“It was our pleasure. I hope you’re on the road to recovery.”
“I’m delighted to hear that. Is there anything I can do to be of assistance to you?”
“Since I’m out of work on medical leave, I thought this might be a good time for that meeting you wanted to have with me.”
“How’s today at two?”
“Wow, you don’t mess around, do you?”
“No, I don’t.”
“This is embarrassing to admit, but how do I get in there? I’ve only ever been with Nick, er, Vice President Cappuano.” She still wanted to giggle when she called him that. Her husband, the vice president of the United States.
“I’ll send a car for you. You’ll be at home?”
“Excellent. The car will be there at one thirty, if that’s convenient.”
“That’s fine. I’ll see you soon.”
“We’ll look forward to it.”
Taking her phone with her, Sam ran upstairs to take a shower and figure out what to wear to meet her White House staff. The cuts to her arms and legs from the razor wire had mostly healed but remaining scabs on her legs had her choosing a black pair of pants and a red blazer that she matched with one of the silk blouses Tinker Bell’s personal shopper friend had bought for her.
Replacing an entire wardrobe took some time, and after her ex-friend Melissa took a machete to her closet, Sam had half of what she’d had before. She put on the diamond key necklace Nick had given her for a wedding gift as well as her rings, which she only wore when she wasn’t working. A pair of silver hoop earrings and a bangle bracelet finished off the outfit. As she put on black high-heeled ankle boots and took a critical look in the mirror, she decided she wouldn’t embarrass herself or Nick.
With thirty minutes to kill before the car arrived, she went downstairs, sat on the sofa and practiced the deep breathing techniques her sister Tracy had taught her in the days after the attack. She’d found the breathing and meditation helped to calm her mind and ease her anxiety.
People were saying she wasn’t herself. She could understand the concern, but she wasn’t sure how to be anyone other than who she was now, after the fact. Something had changed in the Springers’ basement, and it might take a while to figure out who she was now. In the meantime, she continued to breathe.
* * *
Gonzo sat at Sam’s desk and sifted through the reports submitted by the third-shift detectives working the knife assault case. He read through the statement taken from one of the victims who’d been lucky enough to survive the attack.
William Enright been walking on a quiet side street in the Gallaudet neighborhood, on his way home from a night out with colleagues when the assailant approached him from behind, grabbed his arm, swung him around and stabbed him in the abdomen. Luckily, the victim had remained coherent enough to fight off the attacker and call for help, but in addition to the life-threatening abdominal wound, he’d suffered significant lacerations to his hands and arms in the battle.
The description of a tall, muscular man wearing a hat pulled down over his face and a black coat fit the description they’d been given by another victim who’d been attacked on the other side of the city in the Glover Park area under similar circumstances.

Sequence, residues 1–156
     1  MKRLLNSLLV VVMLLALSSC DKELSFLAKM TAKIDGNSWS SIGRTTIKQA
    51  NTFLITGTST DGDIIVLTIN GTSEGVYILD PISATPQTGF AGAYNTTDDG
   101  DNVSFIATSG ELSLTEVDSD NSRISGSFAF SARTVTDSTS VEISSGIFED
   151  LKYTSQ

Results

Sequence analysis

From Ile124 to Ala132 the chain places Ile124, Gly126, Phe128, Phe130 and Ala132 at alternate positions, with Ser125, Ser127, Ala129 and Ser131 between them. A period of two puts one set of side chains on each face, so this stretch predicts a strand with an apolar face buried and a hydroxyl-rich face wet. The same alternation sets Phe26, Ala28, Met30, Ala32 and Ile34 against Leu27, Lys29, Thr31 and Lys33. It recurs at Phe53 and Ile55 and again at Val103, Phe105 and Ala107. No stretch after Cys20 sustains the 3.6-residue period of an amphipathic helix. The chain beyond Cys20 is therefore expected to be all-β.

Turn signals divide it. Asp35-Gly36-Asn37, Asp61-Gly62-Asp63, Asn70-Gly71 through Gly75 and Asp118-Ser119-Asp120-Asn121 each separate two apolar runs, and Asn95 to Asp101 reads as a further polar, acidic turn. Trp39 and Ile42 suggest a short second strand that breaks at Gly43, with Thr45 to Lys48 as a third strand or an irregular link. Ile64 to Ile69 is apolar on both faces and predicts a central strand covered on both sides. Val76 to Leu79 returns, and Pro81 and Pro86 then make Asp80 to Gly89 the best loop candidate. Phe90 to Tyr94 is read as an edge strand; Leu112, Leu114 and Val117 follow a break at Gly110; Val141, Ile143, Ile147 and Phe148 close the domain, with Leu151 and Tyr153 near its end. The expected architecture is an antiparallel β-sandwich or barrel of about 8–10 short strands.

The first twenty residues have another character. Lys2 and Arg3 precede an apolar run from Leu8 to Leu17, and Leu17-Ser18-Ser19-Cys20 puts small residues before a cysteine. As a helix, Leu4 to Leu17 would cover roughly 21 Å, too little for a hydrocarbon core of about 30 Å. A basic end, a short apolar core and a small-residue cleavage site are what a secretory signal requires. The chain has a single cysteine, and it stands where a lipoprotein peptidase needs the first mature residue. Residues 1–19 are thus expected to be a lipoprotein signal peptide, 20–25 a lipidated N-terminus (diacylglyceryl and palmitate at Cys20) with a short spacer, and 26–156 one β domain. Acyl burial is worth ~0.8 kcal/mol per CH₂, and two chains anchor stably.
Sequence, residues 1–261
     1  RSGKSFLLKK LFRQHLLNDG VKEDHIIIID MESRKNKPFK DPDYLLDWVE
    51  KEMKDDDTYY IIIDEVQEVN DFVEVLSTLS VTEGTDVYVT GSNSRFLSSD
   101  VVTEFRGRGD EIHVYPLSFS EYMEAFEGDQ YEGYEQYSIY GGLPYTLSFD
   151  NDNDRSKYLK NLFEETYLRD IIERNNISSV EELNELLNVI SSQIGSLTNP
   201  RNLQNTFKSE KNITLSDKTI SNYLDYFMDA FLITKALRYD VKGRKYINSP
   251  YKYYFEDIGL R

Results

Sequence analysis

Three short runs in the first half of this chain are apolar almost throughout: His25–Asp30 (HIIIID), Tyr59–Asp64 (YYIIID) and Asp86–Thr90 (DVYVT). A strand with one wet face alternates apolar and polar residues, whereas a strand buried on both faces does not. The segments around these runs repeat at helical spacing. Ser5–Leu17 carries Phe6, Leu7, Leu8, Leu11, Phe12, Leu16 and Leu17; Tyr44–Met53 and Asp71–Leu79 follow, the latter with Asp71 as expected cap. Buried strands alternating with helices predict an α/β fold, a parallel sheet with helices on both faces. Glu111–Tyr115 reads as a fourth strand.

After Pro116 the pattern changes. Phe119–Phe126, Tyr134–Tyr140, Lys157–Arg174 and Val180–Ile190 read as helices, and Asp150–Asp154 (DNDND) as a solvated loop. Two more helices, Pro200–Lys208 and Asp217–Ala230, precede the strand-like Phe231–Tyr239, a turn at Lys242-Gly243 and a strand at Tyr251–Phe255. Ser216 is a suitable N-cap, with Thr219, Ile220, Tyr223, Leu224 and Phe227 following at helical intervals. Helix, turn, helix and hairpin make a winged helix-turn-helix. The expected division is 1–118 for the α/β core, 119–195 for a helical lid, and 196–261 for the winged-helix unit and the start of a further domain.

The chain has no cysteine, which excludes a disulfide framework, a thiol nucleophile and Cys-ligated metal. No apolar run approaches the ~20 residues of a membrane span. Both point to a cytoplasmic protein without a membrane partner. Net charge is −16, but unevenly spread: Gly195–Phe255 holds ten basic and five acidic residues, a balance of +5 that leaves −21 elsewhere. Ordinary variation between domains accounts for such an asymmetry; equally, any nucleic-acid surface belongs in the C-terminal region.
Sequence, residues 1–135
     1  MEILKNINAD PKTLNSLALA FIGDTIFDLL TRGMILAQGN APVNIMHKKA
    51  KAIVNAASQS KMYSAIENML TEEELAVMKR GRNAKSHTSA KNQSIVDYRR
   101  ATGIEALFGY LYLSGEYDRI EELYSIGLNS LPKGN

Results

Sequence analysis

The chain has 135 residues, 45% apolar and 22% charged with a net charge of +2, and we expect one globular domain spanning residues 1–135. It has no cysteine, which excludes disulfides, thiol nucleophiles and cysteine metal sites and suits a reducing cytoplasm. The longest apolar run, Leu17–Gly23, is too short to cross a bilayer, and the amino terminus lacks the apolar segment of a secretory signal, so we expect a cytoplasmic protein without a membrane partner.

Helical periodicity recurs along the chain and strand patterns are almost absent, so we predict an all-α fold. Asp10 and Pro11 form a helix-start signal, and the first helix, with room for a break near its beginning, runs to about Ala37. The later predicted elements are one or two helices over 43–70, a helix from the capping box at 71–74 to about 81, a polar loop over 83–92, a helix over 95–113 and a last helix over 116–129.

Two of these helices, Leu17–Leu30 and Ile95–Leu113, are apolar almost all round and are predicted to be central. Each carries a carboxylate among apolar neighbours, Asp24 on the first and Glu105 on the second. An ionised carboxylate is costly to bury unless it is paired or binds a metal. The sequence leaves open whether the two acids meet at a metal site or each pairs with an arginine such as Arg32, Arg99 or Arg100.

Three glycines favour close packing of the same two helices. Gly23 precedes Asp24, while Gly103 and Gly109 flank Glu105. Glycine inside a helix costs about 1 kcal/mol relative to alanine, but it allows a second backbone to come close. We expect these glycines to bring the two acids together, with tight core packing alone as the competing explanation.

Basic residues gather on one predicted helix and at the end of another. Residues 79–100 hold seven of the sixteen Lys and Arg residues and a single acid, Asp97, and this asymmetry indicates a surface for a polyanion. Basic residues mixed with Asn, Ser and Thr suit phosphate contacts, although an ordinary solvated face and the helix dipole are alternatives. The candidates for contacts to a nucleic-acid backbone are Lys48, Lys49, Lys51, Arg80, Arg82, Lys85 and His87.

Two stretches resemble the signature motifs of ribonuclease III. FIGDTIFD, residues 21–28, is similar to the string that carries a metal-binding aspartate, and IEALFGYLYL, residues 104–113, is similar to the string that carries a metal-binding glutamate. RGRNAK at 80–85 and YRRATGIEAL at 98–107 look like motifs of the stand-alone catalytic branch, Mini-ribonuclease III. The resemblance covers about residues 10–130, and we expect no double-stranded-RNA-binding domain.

“Knock knock,” Captain Malone said from the doorway.
“Hey, Cap, come on in.”
“Settling in here?”
“Not even kinda. She can come back anytime now.”
“That’s why I’m here. I saw her this morning, and I don’t think she’s coming back soon.”
“Where did you see her?”
“She was here for her appointment with Trulo.”
“And she didn’t even stop by the pit to see what’s going on? That’s not like her.”
“None of this is like her. I was hoping you might be able to shed some light.”
“I got nothing. She doesn’t return my calls and when she texts, it’s cryptic, one-word stuff.”
“We may have to prepare ourselves for the possibility that she won’t be back.”
“No,” Gonzo said, shocked and amazed that the captain would say such a thing out loud. “I refuse to prepare myself for that. She’ll be back. She’s too invested in the job to not come back.”
“I don’t know… She’s got a lot of other stuff going on now with Nick’s new job. Maybe this thing with Stahl was some sort of wake-up call that she doesn’t actually have nine lives and she needs to be more careful with the one she has.”
“You can’t honestly believe that.”
“You read the report. You heard what it was like for her in there. She lived for hours preparing for him to kill her while he beat and tortured her. Who’d want to come back to this bullshit after that?”
“Sam Holland. That’s who. She’s not a quitter.”
“No, she isn’t, but she’s as human as the rest of us underneath it all, and she took a bad, bad hit on this one.”
“I took a bad hit not that long ago.” He gestured to the still nasty-looking wound on his neck that served as a daily reminder of how close he’d come to losing everything. “I came back. Hell, I came back before I was allowed to.”
“I’m not, in any way, diminishing the impact of what you went through. But this was different, Gonzo. He tortured her. That messes with people’s heads.”
“And nearly bleeding out during a gunfight with a murdering psychopath while thinking about the fiancée, son and family I expected to never see again doesn’t?”
“Fair enough,” Malone said with a deep sigh. “I didn’t come in here to debate who had it worse. I hope you know that.”
“I do, and I get what you’re saying about her. What he did… I think we’d all like to get our hands on him for what he put her through.”
“Indeed. But for the time being, you’re in charge here, and I’m available for anything you might need. We appreciate you stepping up the way you have, but don’t hesitate to call on me if need be.”